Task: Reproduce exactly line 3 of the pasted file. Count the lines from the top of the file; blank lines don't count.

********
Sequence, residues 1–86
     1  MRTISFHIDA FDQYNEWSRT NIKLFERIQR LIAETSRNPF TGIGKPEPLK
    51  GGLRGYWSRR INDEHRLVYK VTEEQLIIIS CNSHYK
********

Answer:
    51  GGLRGYWSRR INDEHRLVYK VTEEQLIIIS CNSHYK